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Last Updated: Friday, 24 October, 2003, 11:09 GMT 12:09 UK
Nobel decline blamed on funding
Students are better funded in the USA, argues Lampl.
Britain's record for winning Nobel prizes has fallen because its universities are under-funded, claims the founder of an educational trust.

A study of Nobel prize winners by the Sutton Trust found the achievements of the UK, Germany and other European countries are falling.

The USA tops the table, with a total of 255 Nobel prizes between 1900 and 2002.

The UK was awarded 77 prizes in the same time.

Sir Peter Lampl, the founder of the Sutton Trust, says the difference in achievement is due to the way the two countries fund their universities.

'USA growth'

In an article for the Times Higher Educational Supplement, Sir Peter said: "Nobel prizes give a time delayed measure of performance and given the rapid deterioration of funding at British universities over the last 20 years it is likely that the current situation in the UK is worse than that suggested by this analysis of Nobel Prizes.

"It is clear that British universities are drastically under-funded and that the current proposals in the White Paper are inadequate to overcome that situation. However, they are a step in the right direction."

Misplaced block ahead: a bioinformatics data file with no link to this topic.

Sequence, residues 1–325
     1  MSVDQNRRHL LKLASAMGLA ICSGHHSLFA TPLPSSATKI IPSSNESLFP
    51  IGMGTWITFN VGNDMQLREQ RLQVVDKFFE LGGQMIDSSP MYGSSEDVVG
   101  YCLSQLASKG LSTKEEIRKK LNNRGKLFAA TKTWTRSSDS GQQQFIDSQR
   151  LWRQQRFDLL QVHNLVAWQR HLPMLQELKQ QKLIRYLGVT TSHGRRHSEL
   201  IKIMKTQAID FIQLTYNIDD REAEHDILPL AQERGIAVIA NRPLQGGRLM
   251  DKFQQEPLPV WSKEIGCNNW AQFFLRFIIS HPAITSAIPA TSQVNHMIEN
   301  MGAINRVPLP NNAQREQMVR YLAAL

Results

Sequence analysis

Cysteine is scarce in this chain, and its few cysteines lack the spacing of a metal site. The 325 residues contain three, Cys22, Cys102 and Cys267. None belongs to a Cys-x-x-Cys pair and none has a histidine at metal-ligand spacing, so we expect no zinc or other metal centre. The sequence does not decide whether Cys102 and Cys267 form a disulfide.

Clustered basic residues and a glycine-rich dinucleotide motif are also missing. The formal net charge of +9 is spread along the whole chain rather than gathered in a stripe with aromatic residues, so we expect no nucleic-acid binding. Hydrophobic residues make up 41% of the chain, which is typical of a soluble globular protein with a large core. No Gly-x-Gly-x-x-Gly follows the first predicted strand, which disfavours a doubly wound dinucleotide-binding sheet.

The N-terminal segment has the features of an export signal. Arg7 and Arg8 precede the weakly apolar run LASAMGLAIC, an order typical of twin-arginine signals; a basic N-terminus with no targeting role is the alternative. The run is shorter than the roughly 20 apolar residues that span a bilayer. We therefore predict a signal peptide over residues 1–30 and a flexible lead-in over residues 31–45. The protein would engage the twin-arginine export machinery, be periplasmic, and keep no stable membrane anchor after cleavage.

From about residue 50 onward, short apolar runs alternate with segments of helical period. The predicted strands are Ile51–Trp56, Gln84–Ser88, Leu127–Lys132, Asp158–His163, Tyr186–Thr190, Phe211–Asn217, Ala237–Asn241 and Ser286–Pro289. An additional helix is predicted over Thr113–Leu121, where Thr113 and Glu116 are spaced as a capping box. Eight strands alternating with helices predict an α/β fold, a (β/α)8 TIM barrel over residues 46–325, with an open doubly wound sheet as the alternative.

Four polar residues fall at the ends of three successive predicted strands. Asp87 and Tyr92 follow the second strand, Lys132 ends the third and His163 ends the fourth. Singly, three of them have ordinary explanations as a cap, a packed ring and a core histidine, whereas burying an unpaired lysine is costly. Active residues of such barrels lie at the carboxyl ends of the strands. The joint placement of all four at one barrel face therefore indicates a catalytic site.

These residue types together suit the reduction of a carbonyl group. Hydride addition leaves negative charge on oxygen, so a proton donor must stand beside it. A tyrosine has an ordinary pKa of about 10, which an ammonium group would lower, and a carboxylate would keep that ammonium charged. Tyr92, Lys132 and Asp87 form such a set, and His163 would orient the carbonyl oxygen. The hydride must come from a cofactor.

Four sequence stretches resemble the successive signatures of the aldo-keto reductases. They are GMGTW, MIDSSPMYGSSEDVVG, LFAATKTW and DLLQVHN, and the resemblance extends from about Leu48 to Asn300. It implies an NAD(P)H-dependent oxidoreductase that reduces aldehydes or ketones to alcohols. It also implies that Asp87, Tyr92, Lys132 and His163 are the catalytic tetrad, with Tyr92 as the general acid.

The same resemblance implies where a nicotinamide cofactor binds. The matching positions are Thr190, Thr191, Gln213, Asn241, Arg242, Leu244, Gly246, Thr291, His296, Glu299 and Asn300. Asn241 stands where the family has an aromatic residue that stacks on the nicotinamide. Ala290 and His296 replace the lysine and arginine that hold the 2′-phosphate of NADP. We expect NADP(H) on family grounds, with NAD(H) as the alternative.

Before the Second World War, Germany won the largest proportion of Nobel prizes - about 30% - while Britain had the second highest number - about 20% of the total.

But the USA increased its share, taking about 50% of the prizes in the 1940s and 50s and 70% between 2000 and 2002.

At the same time, Britain's share of the prizes fell, as did that of other European countries.

Dramatic fall

The UK share held at around 20% until 1980 and since then has dropped well below 10%, while Germany and other European countries have seen a similar decline.

The trust says the UK spends 1% of GDP on higher education, while the USA spends 2.7%.

It argues that spending on university teaching has fallen dramatically in the past 20 years.

"Twenty years ago the UK spent the equivalent of 10,000 per student on university tuition, it now only spends 5,100 whereas in the US average funding for private university students has grown from 6,000 to 11,000 and even state universities are funded at over 7,000 per student," Sir Peter said.

A spokeswoman for the Department for Education and Skills said: "This is why we are spending an extra 1.25bn in science and research funding over the next two years.

"Plus, our plans for variable fees will enable universities to spend even more on research and science."

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